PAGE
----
doi:10.1371/journal.pone.0078960
PMCID: PMC3827298  PMID: 24236076
14.  Amplitude integrated EEG 3 and 6 hours after birth in full term neonates with hypoxic-ischaemic encephalopathy 
AIM—To assess the prognostic value of amplitude integrated EEG (aEEG) 3 and 6 hours after birth.
METHODS—Seventy three term, asphyxiated infants were studied (from two different centres), using the Cerebral Function Monitor (CFM Lectromed). The different aEEG tracings were compared using pattern recognition (flat tracing mainly isoelectric (FT); continuous extremely low voltage (CLV); burst-suppression (BS); discontinuous normal voltage (DNV); continuous normal voltage (CNV)) with subsequent outcome.
RESULTS—Sixty eight infants were followed up for more than 12 months (range 12 months to 6 years).Twenty one out of 68 infants (31%) showed a change in pattern from 3 to 6 hours, but this was only significant in five cases (24%). In three this changed from BS to CNV with a normal outcome. One infant showed a change in pattern from CNV to FT and had a major handicap at follow up. Another infant showed a change in pattern from DNV to BS, and developed a major handicap at follow up. The other 16 infants did not have any significant changes in pattern: 11 infants had CLV, BS, or FT at 3 and 6 hours and died (n = 9) in the neonatal period or developed a major handicap (n = 2). Five infants had a CNV or DNV pattern at 3 and 6 hours, with a normal outcome. The sensitivity and specificity of BS, together with FT and CLV, for poor outcome at 3 hours was 0.85 and 0.77, respectively; at 6 hours 0.91 and 0.86, respectively. The positive predictive value (PPV) was 78% and the negative predictive value (NPV) 84% 3 hours after birth. At 6 hours the PPV was 86% and the NPV was 91%.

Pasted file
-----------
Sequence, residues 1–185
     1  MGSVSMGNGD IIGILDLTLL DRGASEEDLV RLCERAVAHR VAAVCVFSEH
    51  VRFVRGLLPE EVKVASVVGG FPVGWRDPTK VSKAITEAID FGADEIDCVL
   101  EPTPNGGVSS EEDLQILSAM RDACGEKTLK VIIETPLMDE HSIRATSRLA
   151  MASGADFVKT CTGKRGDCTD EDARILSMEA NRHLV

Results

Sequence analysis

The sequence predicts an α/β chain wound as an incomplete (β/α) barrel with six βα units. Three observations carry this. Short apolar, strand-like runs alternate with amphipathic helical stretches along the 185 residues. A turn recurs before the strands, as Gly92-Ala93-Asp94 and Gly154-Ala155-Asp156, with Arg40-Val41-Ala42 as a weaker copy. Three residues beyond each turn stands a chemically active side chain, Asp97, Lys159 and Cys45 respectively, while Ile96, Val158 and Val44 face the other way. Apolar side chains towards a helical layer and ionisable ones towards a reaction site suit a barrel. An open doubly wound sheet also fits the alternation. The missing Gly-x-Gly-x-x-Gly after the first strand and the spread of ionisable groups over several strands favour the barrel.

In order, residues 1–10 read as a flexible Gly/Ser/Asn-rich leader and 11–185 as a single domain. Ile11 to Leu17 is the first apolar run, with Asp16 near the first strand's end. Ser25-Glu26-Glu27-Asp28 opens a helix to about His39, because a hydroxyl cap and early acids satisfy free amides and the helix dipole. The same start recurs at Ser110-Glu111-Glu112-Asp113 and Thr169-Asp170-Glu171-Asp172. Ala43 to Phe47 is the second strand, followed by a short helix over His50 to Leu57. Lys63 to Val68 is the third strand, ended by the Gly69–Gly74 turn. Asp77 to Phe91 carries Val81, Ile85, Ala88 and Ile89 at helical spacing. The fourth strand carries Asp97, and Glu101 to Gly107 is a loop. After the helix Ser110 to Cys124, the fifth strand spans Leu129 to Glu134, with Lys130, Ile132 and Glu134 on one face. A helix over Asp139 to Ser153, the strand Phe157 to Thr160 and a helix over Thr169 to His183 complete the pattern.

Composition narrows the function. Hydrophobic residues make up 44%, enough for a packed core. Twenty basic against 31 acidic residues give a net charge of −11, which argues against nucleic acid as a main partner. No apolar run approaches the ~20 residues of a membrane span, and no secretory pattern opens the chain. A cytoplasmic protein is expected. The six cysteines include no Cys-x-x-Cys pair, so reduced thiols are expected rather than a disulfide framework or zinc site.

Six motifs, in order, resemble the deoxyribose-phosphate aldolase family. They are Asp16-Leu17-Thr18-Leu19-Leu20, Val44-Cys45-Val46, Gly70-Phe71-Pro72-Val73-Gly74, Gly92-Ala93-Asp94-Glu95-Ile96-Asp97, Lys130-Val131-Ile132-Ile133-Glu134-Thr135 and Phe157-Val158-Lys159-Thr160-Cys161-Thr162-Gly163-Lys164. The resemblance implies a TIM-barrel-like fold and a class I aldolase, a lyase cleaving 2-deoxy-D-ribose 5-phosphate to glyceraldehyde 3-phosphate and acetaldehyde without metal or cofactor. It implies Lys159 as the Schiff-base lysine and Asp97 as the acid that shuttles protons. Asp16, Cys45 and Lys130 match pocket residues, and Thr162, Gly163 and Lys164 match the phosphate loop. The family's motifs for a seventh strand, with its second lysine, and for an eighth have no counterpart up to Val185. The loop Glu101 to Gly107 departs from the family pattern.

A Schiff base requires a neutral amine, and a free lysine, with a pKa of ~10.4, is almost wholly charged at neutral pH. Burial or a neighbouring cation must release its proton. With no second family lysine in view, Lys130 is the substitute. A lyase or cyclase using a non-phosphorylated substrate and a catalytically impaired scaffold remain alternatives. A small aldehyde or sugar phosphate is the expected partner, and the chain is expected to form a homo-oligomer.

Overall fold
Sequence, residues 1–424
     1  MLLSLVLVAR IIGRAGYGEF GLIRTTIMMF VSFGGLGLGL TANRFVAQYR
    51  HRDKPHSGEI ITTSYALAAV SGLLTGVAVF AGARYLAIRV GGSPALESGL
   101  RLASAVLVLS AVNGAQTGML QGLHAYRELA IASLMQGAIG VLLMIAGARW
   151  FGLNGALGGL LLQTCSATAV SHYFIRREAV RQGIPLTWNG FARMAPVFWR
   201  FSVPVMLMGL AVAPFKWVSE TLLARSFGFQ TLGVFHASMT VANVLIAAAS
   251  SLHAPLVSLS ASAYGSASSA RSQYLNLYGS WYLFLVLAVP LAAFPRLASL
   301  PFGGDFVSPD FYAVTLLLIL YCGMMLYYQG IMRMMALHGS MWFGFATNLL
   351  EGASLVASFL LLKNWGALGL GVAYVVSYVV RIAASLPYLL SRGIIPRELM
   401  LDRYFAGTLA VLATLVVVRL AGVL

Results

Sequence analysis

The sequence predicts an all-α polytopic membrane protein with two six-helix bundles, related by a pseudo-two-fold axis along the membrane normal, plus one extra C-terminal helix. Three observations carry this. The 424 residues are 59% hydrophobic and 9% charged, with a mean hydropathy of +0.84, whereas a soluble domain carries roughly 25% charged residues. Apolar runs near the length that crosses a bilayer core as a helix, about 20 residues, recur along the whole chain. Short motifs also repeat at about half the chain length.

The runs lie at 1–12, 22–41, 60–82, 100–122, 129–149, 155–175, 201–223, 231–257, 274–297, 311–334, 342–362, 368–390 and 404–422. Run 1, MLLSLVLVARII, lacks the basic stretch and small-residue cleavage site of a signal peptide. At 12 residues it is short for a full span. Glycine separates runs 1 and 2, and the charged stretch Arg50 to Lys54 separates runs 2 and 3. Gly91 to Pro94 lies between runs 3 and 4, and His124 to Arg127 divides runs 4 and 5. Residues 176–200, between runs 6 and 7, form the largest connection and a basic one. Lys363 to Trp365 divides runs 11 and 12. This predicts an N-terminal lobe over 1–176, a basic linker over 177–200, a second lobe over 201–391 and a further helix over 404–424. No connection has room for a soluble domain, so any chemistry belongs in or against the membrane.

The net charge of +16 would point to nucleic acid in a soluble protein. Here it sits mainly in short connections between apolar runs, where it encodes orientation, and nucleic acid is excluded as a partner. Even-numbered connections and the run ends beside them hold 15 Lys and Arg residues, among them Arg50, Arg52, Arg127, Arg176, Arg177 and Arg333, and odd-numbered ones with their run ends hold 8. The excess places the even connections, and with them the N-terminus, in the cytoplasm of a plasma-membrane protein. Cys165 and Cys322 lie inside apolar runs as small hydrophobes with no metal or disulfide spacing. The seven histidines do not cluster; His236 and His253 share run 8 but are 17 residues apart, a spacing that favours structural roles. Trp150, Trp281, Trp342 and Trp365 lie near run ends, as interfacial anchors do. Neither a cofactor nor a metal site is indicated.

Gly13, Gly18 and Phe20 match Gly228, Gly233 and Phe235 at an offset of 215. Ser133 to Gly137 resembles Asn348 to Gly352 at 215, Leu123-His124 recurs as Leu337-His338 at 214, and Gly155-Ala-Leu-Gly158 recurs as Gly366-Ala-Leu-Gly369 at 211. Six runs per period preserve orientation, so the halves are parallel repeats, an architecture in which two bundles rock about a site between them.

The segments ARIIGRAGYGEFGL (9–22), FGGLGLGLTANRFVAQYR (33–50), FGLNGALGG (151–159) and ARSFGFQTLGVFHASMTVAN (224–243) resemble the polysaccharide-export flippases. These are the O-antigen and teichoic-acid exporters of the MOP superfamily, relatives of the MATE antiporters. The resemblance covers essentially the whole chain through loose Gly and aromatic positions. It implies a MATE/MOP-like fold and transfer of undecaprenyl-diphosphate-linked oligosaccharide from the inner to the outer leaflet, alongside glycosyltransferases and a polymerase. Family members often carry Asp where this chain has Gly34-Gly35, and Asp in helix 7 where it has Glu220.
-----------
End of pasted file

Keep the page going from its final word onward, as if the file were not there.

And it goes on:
CONCLUSION—aEEG could be very useful for selecting those infants who might benefit from intervention after birth asphyxia.


PMCID: PMC1720950  PMID: 10375357
15.  Video-EEG monitoring in newborns with hypoxic-ischemic encephalopathy treated with hypothermia 
Neurology  2011;76(6):556-562.
Background:
Therapeutic hypothermia (TH) is becoming standard of care in newborns with hypoxic-ischemic encephalopathy (HIE). The prognostic value of the EEG and the incidence of seizures during TH are uncertain.
Objective:
To describe evolution of EEG background and incidence of seizures during TH, and to identify EEG patterns predictive for MRI brain injury.
Methods:
A total of 41 newborns with HIE underwent TH. Continuous video-EEG was performed during hypothermia and rewarming. EEG background and seizures were reported in a standardized manner. Newborns underwent MRI after rewarming. Sensitivity and specificity of EEG background for moderate to severe MRI brain injury was assessed at 6-hour intervals during TH and rewarming.
Results:
EEG background improved in 49%, remained the same in 38%, and worsened in 13%. A normal EEG had a specificity of 100% upon initiation of monitoring and 93% at later time points. Burst suppression and extremely low voltage patterns held the greatest prognostic value only after 24 hours of monitoring, with a specificity of 81% at the beginning of cooling and 100% at later time points. A discontinuous pattern was not associated with adverse outcome in most patients (73%). Electrographic seizures occurred in 34% (14/41), and 10% (4/41) developed status epilepticus. Seizures had a clinical correlate in 57% (8/14) and were subclinical in 43% (6/14).
Conclusions:
Continuous video-EEG monitoring in newborns with HIE undergoing TH provides prognostic information about early MRI outcome and accurately identifies electrographic seizures, nearly half of which are subclinical.
doi:10.1212/WNL.0b013e31820af91a
PMCID: PMC3053178  PMID: 21300971
16.  Chronological changes of the amplitude-integrated EEG in a neonate with molybdenum cofactor deficiency 
Journal of Inherited Metabolic Disease  2010;33(Suppl 3):401-407.